Thursday 11 November 2010


In Britain the poppy, but in France the bluet (cornflower). The flowers are used as symbols of remembering the dead of the First World War, and raising much needed funds for the support of ex-servicemen and their families.

In the UK there is huge pressure placed on people to wear a poppy, and the date on which they appear is getting earlier. When we arrived in the UK 12 years ago, poppies came on sale the week of Remembrance Day. Five years ago they arrived on the 1st of November, and this year they arrived on the 26th of October. Anyone appearing on TV in the UK not wearing a poppy gets accused of dishonouring the dead, and there are letters to the newspapers (I would guess from people who can't be bothered actually going to a Remembrance Day ceremony) in incandescent outrage.

In France, little stickers with cornflowers on them are sold at the start of Remembrance Day ceremonies, and in Preuilly sur Claise half the town seems to attend.

The difference between the two countries is greater than simply that of language.



Tim said...

Thought provoking, Simon, and a great header to go with it!

Jean said...
This comment has been removed by the author.
The Beaver said...


It is the same M.O in Canada. I got mine on the 28th of October.

John said...

Like Simon & Susan I attended today's ceremony at Preuilly; as ever it was moving. I think comparisons are very difficult, but I wouldn't be confident over asserting that the event is taken less seriously in the UK. I am inclined to think it is gradually being taken more seriously. Certainly in most state schools in the UK there has been increasing observance of the Silence. It was good here to see the involvement of children. Traffic passing by here did not seem to slow any more appreciably than it might have done in UK.
Perhaps the recent willingness of UK politicians to engage in war, with the consequent return of coffins, has meant that UK awareness has increased of late.

Simon said...


I think you're right - they day has huge significance (and maybe growing significance) in the UK - it's the "musr wear a poppy" brigade that get me...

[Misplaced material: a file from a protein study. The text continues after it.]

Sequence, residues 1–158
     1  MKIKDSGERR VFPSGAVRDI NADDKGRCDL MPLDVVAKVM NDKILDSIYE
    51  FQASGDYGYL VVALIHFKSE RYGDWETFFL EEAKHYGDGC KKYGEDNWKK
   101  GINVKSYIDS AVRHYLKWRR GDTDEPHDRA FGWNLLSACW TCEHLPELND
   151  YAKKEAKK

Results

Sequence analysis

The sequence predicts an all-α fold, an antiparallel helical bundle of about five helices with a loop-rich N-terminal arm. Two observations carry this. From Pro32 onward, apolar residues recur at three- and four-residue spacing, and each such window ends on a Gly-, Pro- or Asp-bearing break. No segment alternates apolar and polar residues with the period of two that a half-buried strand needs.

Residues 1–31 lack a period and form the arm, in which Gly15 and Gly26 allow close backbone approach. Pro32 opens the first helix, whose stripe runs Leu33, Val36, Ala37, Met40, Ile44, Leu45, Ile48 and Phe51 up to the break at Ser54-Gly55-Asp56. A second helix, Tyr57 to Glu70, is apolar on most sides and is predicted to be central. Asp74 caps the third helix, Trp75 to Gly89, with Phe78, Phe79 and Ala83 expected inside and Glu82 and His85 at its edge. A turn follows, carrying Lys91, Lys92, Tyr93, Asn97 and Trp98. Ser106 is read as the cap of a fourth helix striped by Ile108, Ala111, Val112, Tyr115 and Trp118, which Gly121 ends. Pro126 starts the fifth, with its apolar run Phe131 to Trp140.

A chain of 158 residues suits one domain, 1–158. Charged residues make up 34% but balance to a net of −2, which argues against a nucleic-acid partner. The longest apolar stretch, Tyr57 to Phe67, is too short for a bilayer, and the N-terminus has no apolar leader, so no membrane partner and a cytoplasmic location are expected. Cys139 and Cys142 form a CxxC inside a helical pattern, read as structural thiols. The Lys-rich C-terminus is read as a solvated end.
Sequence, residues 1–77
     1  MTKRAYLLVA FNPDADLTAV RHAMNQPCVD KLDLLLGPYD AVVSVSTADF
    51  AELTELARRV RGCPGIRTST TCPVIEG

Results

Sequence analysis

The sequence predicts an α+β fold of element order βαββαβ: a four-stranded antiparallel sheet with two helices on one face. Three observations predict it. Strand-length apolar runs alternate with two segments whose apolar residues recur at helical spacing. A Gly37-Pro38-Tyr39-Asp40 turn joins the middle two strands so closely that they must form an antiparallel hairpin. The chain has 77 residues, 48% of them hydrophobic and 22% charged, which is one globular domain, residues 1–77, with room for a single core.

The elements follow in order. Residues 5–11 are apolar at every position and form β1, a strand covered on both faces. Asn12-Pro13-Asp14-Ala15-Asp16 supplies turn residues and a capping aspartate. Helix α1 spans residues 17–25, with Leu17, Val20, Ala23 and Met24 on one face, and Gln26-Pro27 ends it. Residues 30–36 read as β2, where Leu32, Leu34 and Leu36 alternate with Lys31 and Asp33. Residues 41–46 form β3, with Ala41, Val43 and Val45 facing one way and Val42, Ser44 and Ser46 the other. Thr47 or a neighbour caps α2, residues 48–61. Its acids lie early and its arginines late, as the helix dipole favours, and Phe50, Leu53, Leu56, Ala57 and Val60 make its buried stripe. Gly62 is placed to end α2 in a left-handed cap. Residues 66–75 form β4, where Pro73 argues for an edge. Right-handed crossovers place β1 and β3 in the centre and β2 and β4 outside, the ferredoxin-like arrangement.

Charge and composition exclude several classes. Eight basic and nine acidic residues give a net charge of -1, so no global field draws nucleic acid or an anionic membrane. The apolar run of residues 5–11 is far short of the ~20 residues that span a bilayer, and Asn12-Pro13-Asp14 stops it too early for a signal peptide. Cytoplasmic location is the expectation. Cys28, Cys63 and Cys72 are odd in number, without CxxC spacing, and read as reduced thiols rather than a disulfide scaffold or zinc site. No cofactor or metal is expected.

GaynorB said...

Simon, I just wrote a long comment but it disappeared during the editing process. If it reappears then I will apologise here for the mistakes I know were there!

To cut a really long comment short, I wanted to agree with John that most schools in the UK observe the Silence on Remembrance Day and many like mine will use it for assembly themes during this week. The vast majority of pupils respond really well - in school at any rate.

Think the main reason why poppies are on sale earlier is the need for the Royal British Legion to raise funds to support our veterans. Sadly with the current conflicts our veterans are getting younger.

I love the idea that the flowers we use in both France and the UK are simple, striking and wild.

Isn't there a Pete Seeger(?)song I remember from ny early teens starting
'Last night I had the strangest dream.........
I dreamed the world had all agreed, to put an end to war'

Simplistic and idealistic I know, but ever hopeful! I can feel a Y8 assembly theme coming on!!!

Niall & Antoinette said...

"it's the "musr wear a poppy" brigade that get me..."

Agree with your thought. Came back to the UK 5 yrs ago after living for 15 yrs in The Netherlands and found the same; poppies on sale ever earlier.

My experience isn't that Remembrance Day isn't taken seriously in the UK. For example saw everyone stand still for 2 mins silence in our local Sainsbury's last year. It is just the 'poppy pressure' as expressed by "outraged from -----" which irritated me.

BTW really enjoy your blog as we have just moved to Charnizay.

Simon said...


Welcome to the blog, we're glad you enjoy it. We like Charnizay, and have eaten at la Gargantua, which is a little gem. I agreee about the people Jon Snow (or is it Peter) refer to as the "Poppy Nazis"

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